2006_05_27_forrent.jpg Along with the "Broken Windows" crime prevention theory, one of the big success stories of Gotham's dramatic revitalization over the past two decades has been the BID (that's Business Improvement District, FYI) where business and property owners in a designated area work with the City and make a collective effort to boost business. The most famous BID success is probably Times Square, but they're all over the place nowadays (of the 53 BIDs in New York State there are 45 in NYC), and often are quite successful. Which is why this article on the Village Alliance BID in this week's Villager is so interesting: Efforts to revitalize West Eighth Street have been an unmitigated disaster:

As anyone who has recently walked down Eighth St. between Fifth and Sixth Aves. can’t help but notice, the block resembles a retail ghost town, as if the Great Depression had hit all over again. Virtually every other store is vacant, with For Rent signs prominently posted. In all, about 20 stores were empty when a reporter walked the street two weekends ago. On Sixth Ave., the former Sam Goody space, also in the BID’s district, is vacant.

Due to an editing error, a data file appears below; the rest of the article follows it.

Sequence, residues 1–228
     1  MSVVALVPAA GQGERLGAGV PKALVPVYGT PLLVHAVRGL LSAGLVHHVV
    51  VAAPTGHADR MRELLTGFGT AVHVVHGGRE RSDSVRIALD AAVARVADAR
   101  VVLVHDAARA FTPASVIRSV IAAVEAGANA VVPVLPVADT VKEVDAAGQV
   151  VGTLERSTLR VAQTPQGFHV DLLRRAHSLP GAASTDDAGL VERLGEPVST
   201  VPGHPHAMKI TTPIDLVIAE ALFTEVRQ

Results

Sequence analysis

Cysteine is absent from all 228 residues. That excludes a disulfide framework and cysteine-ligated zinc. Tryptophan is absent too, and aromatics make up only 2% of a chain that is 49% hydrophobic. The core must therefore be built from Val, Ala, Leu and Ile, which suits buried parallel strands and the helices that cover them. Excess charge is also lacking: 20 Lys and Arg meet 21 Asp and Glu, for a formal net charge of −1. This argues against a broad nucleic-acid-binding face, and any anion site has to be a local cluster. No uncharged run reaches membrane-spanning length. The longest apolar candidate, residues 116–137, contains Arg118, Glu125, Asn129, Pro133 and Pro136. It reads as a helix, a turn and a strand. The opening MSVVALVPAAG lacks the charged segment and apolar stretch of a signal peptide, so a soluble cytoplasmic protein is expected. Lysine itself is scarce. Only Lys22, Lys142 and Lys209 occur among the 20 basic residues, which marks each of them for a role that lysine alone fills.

Reasons for the blocks downturn in fortunes - West Eighth used to be a serious destination back in the day - are numerous and range from small retail spaces (the average store ranges from 500-1,500 square feet) selling things nobody wants ("look at the shoes they sell here — high-heeled, with sequins. Who wears those?”) to too many bikers enjoying their hot dogs from Grey's Papaya. Not to mention poor management of the district by Village Alliance Executive Director Honi Klein. Whatever the reason for the downturn its impossible to walk down West Eighth and deny its existence. So now that its out in the open and up for discussion we turn to you, our esteemed readers. How would you fix West Eighth Street?

Detail from a photograph by Gary He for the Villager.